John Feehery: Speaking Engagements


Taking Flexibility Too Far

Posted on March 27, 2012

It was Everett Dirksen who said, “I am a man of fixed and unbending principles, the first of which is to be flexible at all times.”

Flexibility is an important, underrated and currently unpopular political attribute.

You need to be able to be flexible to pass a highway bill, keep the government open, and make sure the country pays its debts.

You can’t cut deal without being flexible.

But that doesn’t mean that politicians shouldn’t be accountable.

Accountability is an even more important part of the political process.

Flexibility without accountability leads to despotism.

A political leader who feels he can anything he wants to do without facing the voters is a dangerous leader indeed.

The President told Russian President Dmitri Medvedev that he needed some more flexibility when it came to negotiating away nuclear armaments. Here is his exact quote in a private conversation with the outgoing Russian leader, picked up by a hot mike:
“ “On all these issues, but particularly missile defense, this, this can be solved but it’s important for him to give me space,” Obama said, referring to newly elected Russian President Vladimir Putin. “This is my last election. After my election I have more flexibility,” Obama said.”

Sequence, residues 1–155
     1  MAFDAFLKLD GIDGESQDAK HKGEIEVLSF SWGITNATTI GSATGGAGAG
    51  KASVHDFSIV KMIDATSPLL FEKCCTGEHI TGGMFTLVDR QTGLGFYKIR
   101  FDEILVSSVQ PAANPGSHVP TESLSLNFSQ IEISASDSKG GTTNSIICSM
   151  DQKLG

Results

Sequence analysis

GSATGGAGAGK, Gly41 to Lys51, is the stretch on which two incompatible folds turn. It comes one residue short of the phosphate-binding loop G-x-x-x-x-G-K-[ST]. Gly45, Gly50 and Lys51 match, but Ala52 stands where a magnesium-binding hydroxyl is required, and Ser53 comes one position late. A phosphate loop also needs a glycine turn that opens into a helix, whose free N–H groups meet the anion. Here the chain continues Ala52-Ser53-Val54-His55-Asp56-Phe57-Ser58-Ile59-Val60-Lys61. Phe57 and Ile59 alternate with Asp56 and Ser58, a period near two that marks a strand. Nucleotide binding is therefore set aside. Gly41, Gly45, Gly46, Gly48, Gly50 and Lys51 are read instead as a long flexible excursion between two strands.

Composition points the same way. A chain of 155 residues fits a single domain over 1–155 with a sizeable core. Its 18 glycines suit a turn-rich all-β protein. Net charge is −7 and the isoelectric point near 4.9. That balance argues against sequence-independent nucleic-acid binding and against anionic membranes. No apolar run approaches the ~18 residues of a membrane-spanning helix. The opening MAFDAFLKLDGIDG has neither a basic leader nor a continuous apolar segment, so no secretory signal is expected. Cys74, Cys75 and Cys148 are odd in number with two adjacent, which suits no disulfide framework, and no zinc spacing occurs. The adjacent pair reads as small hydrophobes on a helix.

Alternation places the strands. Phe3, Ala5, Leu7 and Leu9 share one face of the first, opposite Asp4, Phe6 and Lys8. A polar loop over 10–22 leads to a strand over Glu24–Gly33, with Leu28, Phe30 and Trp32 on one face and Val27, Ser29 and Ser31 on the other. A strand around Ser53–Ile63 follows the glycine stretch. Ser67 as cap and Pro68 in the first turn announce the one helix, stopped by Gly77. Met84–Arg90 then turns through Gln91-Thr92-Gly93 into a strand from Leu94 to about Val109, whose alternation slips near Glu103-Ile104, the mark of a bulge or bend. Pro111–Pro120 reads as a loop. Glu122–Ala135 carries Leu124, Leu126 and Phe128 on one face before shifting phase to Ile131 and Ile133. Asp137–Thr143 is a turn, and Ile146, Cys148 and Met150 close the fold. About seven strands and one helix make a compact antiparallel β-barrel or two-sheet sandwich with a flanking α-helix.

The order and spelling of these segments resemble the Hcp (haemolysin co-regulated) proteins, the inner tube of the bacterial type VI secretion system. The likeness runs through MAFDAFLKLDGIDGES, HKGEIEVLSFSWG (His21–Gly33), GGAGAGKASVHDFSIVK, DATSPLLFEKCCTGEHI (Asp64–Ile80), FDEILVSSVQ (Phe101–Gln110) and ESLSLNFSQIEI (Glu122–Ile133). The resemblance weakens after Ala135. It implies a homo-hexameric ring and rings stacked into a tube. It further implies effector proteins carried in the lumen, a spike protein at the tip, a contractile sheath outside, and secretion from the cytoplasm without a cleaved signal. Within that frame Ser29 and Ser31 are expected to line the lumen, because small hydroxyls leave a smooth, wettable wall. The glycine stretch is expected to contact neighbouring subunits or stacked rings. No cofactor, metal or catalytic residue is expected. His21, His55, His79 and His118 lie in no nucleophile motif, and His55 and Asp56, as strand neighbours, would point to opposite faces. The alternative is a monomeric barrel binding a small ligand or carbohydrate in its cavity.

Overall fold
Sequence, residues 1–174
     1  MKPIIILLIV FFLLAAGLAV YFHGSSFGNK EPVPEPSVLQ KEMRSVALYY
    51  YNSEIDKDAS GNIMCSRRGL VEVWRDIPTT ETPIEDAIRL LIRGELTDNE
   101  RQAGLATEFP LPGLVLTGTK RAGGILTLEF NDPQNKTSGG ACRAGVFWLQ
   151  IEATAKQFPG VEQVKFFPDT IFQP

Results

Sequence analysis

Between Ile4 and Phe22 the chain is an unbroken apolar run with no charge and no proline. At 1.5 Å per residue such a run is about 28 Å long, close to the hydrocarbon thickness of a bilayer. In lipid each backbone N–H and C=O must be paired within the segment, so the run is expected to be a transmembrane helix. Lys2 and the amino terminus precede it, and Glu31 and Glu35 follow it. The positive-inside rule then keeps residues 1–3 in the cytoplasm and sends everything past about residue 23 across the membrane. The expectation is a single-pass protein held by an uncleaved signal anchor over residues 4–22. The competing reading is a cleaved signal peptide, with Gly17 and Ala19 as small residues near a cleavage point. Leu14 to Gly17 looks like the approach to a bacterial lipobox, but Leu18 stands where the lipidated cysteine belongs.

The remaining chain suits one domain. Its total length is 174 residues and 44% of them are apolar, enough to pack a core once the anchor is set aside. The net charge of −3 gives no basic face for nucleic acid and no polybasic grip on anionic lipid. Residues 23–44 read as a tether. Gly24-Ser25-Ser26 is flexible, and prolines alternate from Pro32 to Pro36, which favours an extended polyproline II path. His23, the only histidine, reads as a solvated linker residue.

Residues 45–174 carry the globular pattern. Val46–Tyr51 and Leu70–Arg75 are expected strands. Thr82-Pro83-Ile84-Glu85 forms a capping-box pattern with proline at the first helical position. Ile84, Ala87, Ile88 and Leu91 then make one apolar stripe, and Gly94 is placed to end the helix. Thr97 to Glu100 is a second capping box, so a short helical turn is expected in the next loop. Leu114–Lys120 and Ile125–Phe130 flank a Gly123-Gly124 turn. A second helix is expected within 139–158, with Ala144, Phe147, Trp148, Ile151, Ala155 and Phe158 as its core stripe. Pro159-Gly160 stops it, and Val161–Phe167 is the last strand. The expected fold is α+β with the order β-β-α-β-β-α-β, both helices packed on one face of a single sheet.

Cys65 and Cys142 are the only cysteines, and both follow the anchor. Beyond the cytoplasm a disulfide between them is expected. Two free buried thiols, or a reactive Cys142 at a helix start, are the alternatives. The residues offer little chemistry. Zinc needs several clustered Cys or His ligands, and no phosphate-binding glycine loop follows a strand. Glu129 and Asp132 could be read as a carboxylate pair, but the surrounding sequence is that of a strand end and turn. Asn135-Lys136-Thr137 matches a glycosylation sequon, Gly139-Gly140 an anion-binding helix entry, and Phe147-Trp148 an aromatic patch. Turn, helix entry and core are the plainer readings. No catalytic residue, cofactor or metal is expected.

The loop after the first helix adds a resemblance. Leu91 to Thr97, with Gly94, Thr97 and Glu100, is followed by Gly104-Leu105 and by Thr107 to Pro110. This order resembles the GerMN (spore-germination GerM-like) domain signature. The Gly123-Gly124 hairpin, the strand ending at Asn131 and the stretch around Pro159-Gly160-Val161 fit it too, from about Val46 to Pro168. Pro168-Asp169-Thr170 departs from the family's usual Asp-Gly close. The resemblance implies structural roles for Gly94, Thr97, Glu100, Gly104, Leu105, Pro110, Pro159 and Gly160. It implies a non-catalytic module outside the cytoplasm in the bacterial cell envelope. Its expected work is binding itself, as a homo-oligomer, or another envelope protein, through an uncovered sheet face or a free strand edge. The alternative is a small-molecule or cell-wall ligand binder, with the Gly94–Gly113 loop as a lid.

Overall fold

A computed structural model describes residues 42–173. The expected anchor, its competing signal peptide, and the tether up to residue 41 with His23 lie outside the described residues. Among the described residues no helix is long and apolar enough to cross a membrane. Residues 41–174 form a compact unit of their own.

This gives us a better sense of where Obama’s mindset is. He currently feels constrained by the American people. He is tired of feeling accountable. He is looking forward to being a lame duck, because it gives him greater flexibility.

In case you haven’t been paying attention, this longing to be a lame duck (to provide himself greater flexibility), is not just constrained to missile defense.

Everybody in Washington knows that we are heading for the mother of all lame duck sessions.

After the November election, the Congress is expected to complete work on its annual spending bills, expiring tax extenders, the expiring Bush tax cuts, the automatic sequester of defense legislation and a host of other unresolved issues.

Indeed, Senate Democrats have made this lame duck strategy the centerpiece of their Senate schedule. I have no doubt that Majority Leader Reid has worked closely with the White House on this lame duck-ageddon.

The President can feel free to hide his true feeling towards defense cuts, tax increases, spending and budgets until after the election is safely behind him.

And of course, after the election, he can take care of other things, like bargaining away our missile defenses (which by the way, makes the Polish very, very nervous).

I am all for political flexibility, but I am a more ardent proponent of political accountability. The President wants flexibility, but he wants to avoid accountability.